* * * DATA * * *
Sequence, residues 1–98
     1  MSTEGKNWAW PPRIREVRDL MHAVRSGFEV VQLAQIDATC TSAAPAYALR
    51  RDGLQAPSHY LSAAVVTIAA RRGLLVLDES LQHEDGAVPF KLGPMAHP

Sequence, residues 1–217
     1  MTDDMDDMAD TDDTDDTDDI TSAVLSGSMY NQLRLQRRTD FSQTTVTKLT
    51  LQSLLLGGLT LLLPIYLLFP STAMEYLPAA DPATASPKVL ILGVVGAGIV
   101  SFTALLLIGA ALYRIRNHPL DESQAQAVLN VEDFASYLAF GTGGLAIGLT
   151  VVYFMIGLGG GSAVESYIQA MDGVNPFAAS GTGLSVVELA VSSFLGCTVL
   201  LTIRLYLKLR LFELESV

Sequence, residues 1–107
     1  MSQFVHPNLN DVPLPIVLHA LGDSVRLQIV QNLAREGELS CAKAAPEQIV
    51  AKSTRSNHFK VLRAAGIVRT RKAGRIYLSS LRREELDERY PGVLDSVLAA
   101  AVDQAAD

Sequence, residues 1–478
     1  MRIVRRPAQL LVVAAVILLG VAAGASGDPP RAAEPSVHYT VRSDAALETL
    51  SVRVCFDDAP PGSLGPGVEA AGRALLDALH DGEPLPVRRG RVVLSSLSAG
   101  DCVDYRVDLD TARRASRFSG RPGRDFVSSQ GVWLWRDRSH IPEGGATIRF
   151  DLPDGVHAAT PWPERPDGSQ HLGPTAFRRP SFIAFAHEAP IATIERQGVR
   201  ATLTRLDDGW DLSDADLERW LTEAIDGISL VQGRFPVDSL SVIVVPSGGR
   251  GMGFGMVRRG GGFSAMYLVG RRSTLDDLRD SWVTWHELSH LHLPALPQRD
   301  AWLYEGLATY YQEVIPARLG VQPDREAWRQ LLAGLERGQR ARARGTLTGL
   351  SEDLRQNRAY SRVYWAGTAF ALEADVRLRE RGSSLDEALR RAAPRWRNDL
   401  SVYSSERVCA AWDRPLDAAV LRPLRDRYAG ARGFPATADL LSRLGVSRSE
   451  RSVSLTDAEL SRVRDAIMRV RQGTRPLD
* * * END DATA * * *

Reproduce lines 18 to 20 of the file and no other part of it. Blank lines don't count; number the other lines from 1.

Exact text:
   151  DLPDGVHAAT PWPERPDGSQ HLGPTAFRRP SFIAFAHEAP IATIERQGVR
   201  ATLTRLDDGW DLSDADLERW LTEAIDGISL VQGRFPVDSL SVIVVPSGGR
   251  GMGFGMVRRG GGFSAMYLVG RRSTLDDLRD SWVTWHELSH LHLPALPQRD